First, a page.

The Washington Post

Santorum presents 100-day vision

Rick Santorum unveiled a 100-day vision for the country Friday night that calls for reviving the economy and restoring U.S. competitiveness while reining in the federal budget and reforming federal entitlement programs.

The Republican presidential candidate returned to Michigan with polls showing that the lead he held over Mitt Romney has disappeared, foreshadowing a fierce few days of campaigning ahead of Tuesday’s crucial primary.

This was Santorum’s first public rally since Wednesday’s debate in Arizona, where he came under attack, particularly from Romney, as he grappled with the demands of suddenly being in the spotlight and in the thick of the contest for the Republican nomination.

Santorum spoke before a relatively small crowd at a Knights of Columbus hall in this blue-collar area southeast of Detroit. He told the audience he would offer 10 ideas for his first 100 days in office. He spoke for nearly an hour, interspersing stories about his days in Congress and other thoughts among the items on his agenda.

He alluded to the attacks he has faced and some of the criticism in the media as he closed out his talk. Americans, he said, are now reacting positively to a vision he has been talking about since his lonely days in Iowa.

Americans are responding to it — not responding to all the garbage,” he said. “They’re responding to a vision about what affects them. That’s what this campaign is going to be about. We’re starting again here tonight, and we will finish this campaign on a high note and a positive vision for America.”

Along the way Santorum took a shot at Romney, without naming him, suggesting he lacked the courage of his convictions.

“I’ve been consistent on principle, unlike other people in this race,” he said, adding a moment later, “I’ve been a conviction conservative who stood for things, unlike some other people in this race.”

Santorum recalled his early days in Congress, saying he came to the House as a rabble-rouser and carried that confrontational style to the Senate.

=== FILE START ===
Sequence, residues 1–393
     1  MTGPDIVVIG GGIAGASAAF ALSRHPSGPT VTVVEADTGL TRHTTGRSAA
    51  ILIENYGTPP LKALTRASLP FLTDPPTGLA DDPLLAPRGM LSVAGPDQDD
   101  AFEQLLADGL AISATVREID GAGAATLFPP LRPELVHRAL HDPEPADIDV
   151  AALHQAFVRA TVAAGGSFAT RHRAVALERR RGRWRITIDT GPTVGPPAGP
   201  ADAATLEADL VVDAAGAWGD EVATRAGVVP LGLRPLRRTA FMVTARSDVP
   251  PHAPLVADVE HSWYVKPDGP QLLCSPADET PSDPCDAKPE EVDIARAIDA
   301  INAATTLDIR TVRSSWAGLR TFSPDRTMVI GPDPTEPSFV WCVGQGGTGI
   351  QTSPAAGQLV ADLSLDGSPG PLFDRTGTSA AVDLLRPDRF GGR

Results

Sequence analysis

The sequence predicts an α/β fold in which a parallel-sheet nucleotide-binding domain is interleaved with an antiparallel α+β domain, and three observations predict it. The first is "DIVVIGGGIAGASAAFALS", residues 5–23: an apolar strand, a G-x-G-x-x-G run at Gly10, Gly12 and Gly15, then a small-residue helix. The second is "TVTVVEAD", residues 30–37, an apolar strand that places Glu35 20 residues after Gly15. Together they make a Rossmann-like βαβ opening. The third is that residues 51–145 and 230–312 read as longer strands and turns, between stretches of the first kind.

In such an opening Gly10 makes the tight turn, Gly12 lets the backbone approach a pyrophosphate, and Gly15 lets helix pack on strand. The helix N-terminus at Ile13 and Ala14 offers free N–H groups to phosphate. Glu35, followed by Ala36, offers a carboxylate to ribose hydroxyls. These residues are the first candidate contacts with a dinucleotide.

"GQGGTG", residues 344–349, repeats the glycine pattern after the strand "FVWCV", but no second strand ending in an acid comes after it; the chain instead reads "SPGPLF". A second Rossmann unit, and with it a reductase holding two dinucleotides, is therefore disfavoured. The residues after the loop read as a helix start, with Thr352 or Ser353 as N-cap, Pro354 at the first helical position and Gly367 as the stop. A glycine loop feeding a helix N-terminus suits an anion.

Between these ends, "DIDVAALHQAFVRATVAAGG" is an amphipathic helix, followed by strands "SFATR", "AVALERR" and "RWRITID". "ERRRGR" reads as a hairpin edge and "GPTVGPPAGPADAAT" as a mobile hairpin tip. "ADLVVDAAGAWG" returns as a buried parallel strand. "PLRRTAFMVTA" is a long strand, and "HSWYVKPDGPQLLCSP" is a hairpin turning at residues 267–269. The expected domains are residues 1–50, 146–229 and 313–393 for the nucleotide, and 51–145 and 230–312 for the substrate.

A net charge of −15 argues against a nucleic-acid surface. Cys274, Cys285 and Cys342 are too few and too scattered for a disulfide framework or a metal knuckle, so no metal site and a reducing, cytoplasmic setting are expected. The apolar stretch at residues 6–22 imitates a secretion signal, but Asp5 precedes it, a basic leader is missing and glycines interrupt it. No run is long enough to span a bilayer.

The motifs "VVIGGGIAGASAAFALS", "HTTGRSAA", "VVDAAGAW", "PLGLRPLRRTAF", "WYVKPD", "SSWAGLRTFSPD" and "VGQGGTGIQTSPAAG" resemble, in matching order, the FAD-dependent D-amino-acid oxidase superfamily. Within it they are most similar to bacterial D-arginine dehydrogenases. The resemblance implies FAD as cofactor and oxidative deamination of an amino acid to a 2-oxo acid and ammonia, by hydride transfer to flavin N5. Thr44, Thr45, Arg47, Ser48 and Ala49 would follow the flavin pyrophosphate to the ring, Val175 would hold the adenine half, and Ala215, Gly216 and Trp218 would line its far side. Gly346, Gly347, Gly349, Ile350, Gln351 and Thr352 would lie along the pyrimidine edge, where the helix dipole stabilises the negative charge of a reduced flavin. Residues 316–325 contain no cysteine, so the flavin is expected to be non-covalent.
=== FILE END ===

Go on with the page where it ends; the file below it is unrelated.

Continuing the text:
“We were a bad dude coming into the United States Senate,” he said. “I had a reputation for that.”

He said he planned to keep his head down but described how, as a freshman senator, he took on Senate Appropriations Committee Chairman Mark Hatfield (R-Ore.) after Hatfield decided to oppose a balanced-budget amendment to the Constitution. Santorum tried to strip Hatfield of his chairmanship.

“They just beat me upside the head about as hard as they can in that town,” he said.

His 100-day plan included proposals to spur energy development, to lower corporate and individual tax rates and to give special breaks to manufacturers. He said he would set a goal of limiting federal spending to 18 percent of gross domestic product, after achieving a balanced budget.

His budget plan also calls for cutting means-tested entitlement programs, such as Medicaid, by 10 percent, freezing the spending for four years and returning them to the states under a block grant. He offered no fresh details for altering Social Security and Medicare but said he would make them fiscally sound.

To spur the housing industry, he said he would develop a plan to get rid of Fannie Mae and Freddie Mac and enable homeowners who are underwater on their mortgages to deduct their losses in order to offer them a way out of their financial hole.

Santorum said he wanted to keep the campaign on a positive note and talk about big issues and get away from the “nasty politics” that he said has taken up too much attention.

“This is an inclusive plan,” he said. “It includes everybody in America. Yeah, because I care about the very poor. I care about the guy who’s not doing as well as he could, the gal. . . . I care about everybody. I’m a 100 percenter when it comes to being president, not a 99 versus one.”

Dan Balz is Chief Correspondent at The Washington Post. He has served as the paper’s National Editor, Political Editor, White House correspondent and Southwest correspondent.

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